This is of vital importance since this judgment filled substantial gaps that existed in the prevalent legislations governing internet suspensions, vis-a-vis the Indian Telegraph Act, 1885, S.144 of the Code of Criminal Procedure, 1973 and the Temporary Suspension of Telecom Services (Public Emergency or Public Safety) Rules, 2017. Importantly, the Court accorded the much needed emphasis to the need to make orders ordaining suspension of internet services publicly available and widely accessible.
Even after two years, there is little compliance to the Supreme Court’s judgment
Although the Anuradha Bhasin judgment was passed almost two years ago, we are continually confronted with instances of non-compliance to its directions across the country. As recently as May 2021, internet was suspended in three districts in Jammu and Kashmir, but the corresponding orders of internet suspension were published belatedly in June 2021, contrary to the directions of the Anuradha Bhasin judgment to publish the suspension orders within 24 hours of its issuance.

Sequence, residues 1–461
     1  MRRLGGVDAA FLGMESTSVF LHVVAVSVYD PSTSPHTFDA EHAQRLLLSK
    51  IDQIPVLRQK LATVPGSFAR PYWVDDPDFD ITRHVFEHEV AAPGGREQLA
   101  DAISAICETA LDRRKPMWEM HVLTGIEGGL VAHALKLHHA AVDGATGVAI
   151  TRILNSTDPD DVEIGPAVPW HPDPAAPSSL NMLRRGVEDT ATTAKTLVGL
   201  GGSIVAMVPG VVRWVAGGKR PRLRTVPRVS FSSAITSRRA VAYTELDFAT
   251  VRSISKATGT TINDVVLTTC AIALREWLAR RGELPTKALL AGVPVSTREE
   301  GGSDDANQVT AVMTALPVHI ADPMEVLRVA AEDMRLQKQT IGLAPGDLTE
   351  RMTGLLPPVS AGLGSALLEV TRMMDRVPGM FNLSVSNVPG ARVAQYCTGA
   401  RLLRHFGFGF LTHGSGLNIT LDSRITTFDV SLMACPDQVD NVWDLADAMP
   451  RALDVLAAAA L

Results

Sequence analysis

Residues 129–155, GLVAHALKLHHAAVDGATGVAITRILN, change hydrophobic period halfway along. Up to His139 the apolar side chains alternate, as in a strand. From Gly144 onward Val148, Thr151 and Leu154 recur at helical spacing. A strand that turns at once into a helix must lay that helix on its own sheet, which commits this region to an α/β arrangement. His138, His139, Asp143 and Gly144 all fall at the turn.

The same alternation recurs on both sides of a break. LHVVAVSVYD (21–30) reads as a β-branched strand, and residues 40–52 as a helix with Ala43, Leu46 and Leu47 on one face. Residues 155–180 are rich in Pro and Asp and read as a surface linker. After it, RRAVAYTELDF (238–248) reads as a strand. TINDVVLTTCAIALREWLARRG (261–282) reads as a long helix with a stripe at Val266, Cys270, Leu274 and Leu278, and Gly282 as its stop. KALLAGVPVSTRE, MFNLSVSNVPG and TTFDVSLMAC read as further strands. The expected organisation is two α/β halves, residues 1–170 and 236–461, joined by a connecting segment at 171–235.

In September 2020, we had filed RTI requests with several state governments to assess their compliance with the Anuradha Bhasin judgment and the responses revealed glaring deficiencies in the states’ compliance to the Anuradha Bhasin. One of the states to respond to our RTI request was Meghalaya which stated that the State Home Department was not even aware of the decision of the Supreme Court. Interestingly, almost a year later while executing internet shutdown orders in its state, the Meghalaya Home Department persisted in its non-compliance to the directions of the Supreme Court in Anuradha Bhasin.